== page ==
Student Green Energy Fee up for a student vote

The student body will vote this semester through a Student Government referendum on whether or not to continue financially backing the Student Green Energy Fund System (SGEF).

In 2008, USF President Judy Genshaft signed the American College and University Presidents’ Climate Commitment to partner with colleges across the nation to support the future of energy conservation, reduction in energy costs and encourage green energy technologies. 

Three years later, USF began the Climate Action Plan (CAP) with the SGEF, and has been consistently implementing environmentally sustainable efforts to reduce carbon emissions on campus. 

Offered to universities across the state through the Florida Board of Governors, USF students decide every three years if the Green fee will still be required, and if the price will fluctuate. 

In February 2014, the referendum was certified by the Election Rules Commission and passed, with 69 percent of students approving the Green fee on the Tampa campus. 

“Nine years ago, students approved the Green fee — which is $1 per credit hour,” said Harold Bower, chairman of the Green Fund Council and assistant vice president of Shared Services & Facilities. 

Each year, the SGEF raises enough to generate $2-3 million in funding for green amenities, like Share-a-Bull Bikes, refillable water bottle stations and a solar energy phone charging station.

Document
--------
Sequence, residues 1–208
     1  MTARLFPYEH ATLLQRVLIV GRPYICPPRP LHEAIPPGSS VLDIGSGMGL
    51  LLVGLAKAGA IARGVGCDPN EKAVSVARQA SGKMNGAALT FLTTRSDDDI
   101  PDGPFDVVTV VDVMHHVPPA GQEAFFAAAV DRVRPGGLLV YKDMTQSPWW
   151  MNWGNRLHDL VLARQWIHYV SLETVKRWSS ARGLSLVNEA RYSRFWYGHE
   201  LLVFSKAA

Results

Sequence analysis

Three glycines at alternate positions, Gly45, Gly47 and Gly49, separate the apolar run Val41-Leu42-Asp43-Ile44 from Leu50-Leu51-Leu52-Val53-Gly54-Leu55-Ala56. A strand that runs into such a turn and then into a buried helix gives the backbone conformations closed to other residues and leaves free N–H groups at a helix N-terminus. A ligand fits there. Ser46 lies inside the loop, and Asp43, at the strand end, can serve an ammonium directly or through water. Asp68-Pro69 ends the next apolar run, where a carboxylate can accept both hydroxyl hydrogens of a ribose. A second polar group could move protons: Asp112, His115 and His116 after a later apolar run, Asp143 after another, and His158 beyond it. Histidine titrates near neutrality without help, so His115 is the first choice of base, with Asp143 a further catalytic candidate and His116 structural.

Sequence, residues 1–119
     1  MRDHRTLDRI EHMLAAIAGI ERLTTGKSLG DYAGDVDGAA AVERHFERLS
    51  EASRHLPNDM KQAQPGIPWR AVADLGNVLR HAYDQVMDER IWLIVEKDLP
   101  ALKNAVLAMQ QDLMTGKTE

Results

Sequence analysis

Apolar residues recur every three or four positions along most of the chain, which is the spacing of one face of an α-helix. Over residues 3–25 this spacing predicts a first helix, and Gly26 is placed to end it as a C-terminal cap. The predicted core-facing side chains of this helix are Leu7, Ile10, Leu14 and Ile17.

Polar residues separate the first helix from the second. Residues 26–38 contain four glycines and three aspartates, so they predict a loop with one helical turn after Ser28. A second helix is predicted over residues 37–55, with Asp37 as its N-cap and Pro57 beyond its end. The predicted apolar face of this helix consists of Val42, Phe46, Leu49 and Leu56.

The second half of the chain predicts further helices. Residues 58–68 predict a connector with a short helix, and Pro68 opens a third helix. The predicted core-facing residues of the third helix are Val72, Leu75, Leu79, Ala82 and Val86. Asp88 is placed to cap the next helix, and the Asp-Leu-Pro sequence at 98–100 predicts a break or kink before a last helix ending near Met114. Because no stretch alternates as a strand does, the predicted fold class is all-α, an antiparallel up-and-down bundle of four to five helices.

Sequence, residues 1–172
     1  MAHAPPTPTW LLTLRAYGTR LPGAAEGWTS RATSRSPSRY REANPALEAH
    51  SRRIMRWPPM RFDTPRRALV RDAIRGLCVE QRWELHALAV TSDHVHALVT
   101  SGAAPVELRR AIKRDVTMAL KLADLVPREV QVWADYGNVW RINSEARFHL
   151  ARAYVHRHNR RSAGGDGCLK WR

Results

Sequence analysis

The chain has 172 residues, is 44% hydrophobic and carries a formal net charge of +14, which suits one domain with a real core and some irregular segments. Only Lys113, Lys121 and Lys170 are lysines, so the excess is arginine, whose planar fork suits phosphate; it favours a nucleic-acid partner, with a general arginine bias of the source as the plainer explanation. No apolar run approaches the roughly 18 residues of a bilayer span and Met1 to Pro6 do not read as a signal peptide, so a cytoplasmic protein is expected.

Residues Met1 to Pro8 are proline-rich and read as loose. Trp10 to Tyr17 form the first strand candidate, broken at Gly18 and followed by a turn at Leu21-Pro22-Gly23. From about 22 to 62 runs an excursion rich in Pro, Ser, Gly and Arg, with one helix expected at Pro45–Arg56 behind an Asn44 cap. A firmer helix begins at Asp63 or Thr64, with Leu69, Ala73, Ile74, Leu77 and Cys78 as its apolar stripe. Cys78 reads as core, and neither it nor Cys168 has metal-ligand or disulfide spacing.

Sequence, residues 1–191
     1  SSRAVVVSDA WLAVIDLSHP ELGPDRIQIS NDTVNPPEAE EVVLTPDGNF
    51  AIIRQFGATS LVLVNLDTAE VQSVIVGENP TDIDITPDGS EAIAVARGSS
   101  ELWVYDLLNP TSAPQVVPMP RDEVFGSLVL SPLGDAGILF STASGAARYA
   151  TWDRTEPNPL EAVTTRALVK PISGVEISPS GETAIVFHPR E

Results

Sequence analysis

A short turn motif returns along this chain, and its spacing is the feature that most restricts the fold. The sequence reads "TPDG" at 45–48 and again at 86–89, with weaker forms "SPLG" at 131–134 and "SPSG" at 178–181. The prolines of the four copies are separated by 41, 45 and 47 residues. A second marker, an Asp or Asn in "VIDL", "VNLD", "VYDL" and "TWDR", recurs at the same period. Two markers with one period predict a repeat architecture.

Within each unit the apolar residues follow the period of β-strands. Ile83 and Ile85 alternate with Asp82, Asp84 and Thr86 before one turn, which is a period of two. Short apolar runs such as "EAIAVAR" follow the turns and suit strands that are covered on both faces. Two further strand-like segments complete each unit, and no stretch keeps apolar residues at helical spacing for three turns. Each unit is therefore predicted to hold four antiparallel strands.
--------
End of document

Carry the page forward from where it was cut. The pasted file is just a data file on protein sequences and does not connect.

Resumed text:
To further environmentally conscious developments, students, faculty and staff are eligible to submit a proposal to solve energy and cost deficiency issues around campus.

Upcoming projects include electric buses to be introduced to campus and LED lights in parking lots and roads on campus.  

“The university has allocated funding to transportation services, the council has approved to pay the upcharge to have two electric buses,” Bower said. 

Each bus will cost $250,000 to compensate for the transition of fossil fuel buses to electric, but once the charging infrastructure is established on campus, it will allow for more buses, according to Bower. 

The SGEF also has a partnership with the university to allocate funding for renovating light posts and replacing road and parking lot lights with LED lights — to provide a more well-lit surface area, a safer commute around campus and energy efficiency at night. It will reduce the lighting energy demand by 40 percent and reduce greenhouse gases and total electricity consumption, according to the Roadway and Parking Lots LED Lighting Project Proposal. 

If funding is cut, many of these progressive projects might not come to fruition. 

“If the vote doesn’t pass, funding for the projects would be used until they were depleted,” Bower said. 

Some students were indifferent about the fee, while others are aware of the SGEF efforts. 

“One of the reasons why I chose this school was because of its ‘green reputation,’” said Dana Samelson, a sophomore majoring in environmental science. “The buses we have now are old and maintenance on them is expensive. After reviewing the Cost Benefit Analysis—projected costs of the electric buses and their durability—it pays off in the long run.” 

Cost effectiveness and the elimination of greenhouse gas emissions from the Tampa campus is the goal of the SGEF, as well as facilitating a platform for students to create sustainably-friendly projects. 

“We are making a big difference on this campus and campuses across the country in reducing our carbon footprint,” Bower said.